This planet, this green breathing organism-filled planet we call home, this thin shell of atmosphere and living things is slowly dying a very slow death. Although it seems to happen slowly, on a cosmic scale it is happening in a blink of an eye. And we are witness to it.
By millions and millions of large and small insults every day, our biosphere is degrading. It is estimated that at the current rate of deforestation, all trees will be effectively gone from the planet in 600 years (Hope Jahren, 2016). Species that have been here for hundreds of millions of years will be essentially wiped out. The lungs of our atmosphere, the very things that replenish our world with oxygen, soak up carbon and cool the planet will be gone. Our grandchildren and great-grandchildren are going to have to live in a world that will be much, much different than what we live in now.
These are the reasons I cherish urban green space. Of all the philanthropic causes I support, I consider the noblest is the simple planting of a Sitka spruce seedling that will still be here in 700 years, a towering giant of a tree. Bearing witness to our work so many hundreds of years ago. If we take care of it. If we guard it, if we preserve it. If we codify into our laws and traditions the protection that these beings deserve, and we need.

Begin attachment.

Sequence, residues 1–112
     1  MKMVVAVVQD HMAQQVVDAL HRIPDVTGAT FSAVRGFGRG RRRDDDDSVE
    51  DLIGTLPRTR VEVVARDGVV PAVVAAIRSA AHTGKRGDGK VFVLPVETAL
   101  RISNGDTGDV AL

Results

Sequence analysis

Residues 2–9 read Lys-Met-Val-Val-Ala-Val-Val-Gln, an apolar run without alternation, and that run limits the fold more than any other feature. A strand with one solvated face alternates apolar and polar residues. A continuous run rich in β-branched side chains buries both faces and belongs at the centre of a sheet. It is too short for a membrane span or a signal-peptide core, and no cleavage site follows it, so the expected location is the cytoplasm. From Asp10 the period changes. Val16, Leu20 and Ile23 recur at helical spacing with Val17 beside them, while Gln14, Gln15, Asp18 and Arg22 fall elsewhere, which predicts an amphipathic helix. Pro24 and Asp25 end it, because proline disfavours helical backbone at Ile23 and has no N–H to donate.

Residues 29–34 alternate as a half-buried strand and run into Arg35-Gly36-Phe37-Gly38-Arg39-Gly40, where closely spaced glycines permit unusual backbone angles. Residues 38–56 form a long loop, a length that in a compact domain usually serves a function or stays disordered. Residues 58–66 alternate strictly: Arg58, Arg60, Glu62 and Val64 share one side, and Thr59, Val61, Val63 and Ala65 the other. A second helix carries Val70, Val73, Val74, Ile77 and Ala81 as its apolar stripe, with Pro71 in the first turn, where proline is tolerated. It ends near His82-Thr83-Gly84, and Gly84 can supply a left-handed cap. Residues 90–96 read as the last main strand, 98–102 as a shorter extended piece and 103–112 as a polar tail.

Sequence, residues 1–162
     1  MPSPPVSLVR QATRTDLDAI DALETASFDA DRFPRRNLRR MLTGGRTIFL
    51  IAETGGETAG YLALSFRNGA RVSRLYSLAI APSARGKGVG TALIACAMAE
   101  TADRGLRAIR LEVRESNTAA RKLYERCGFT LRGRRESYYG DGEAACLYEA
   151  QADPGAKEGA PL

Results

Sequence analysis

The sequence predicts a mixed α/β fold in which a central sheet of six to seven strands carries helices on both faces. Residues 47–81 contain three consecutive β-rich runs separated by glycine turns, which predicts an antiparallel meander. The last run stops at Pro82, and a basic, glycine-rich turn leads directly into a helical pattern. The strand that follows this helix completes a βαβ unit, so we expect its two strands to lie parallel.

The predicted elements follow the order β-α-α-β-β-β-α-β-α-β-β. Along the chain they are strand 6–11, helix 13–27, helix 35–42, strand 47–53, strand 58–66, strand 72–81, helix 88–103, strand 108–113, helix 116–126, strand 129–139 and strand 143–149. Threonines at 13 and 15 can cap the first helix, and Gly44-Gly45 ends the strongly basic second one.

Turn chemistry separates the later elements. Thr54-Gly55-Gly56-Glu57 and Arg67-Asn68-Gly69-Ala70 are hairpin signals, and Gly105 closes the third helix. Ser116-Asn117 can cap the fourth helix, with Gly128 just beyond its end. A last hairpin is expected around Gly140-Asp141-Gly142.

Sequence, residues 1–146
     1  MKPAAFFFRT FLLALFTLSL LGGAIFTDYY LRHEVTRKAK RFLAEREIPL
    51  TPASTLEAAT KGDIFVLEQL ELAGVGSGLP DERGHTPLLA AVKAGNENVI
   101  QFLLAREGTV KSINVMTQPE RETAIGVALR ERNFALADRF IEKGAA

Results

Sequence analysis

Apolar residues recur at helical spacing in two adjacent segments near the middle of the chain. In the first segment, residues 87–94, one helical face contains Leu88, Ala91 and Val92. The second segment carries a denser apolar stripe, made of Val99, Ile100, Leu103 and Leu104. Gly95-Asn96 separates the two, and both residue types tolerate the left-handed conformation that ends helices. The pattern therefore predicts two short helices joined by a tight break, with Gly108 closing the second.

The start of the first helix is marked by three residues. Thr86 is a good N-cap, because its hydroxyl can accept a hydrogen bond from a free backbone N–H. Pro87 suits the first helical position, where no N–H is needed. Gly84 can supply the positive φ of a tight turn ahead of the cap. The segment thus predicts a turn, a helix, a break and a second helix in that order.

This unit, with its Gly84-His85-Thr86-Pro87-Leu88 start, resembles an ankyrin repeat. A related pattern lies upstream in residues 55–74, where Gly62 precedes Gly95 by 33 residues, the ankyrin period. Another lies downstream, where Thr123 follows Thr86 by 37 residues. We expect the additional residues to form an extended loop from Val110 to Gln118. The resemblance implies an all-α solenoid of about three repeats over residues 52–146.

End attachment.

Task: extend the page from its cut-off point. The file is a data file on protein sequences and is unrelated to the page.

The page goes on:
Discovery Park is a work in progress. When the Fort became a park back in 1974, it was hardly a pristine place. Only a few small stands of forest remained surrounded by acres and acres of parking lots, roads and buildings. Thanks to the dogged advocacy of Friends, this previously urbanized landscape has been slowly transformed into a quiet green space of majesty and peace. This is the paramount mission of what we do at the Friends of Discovery Park.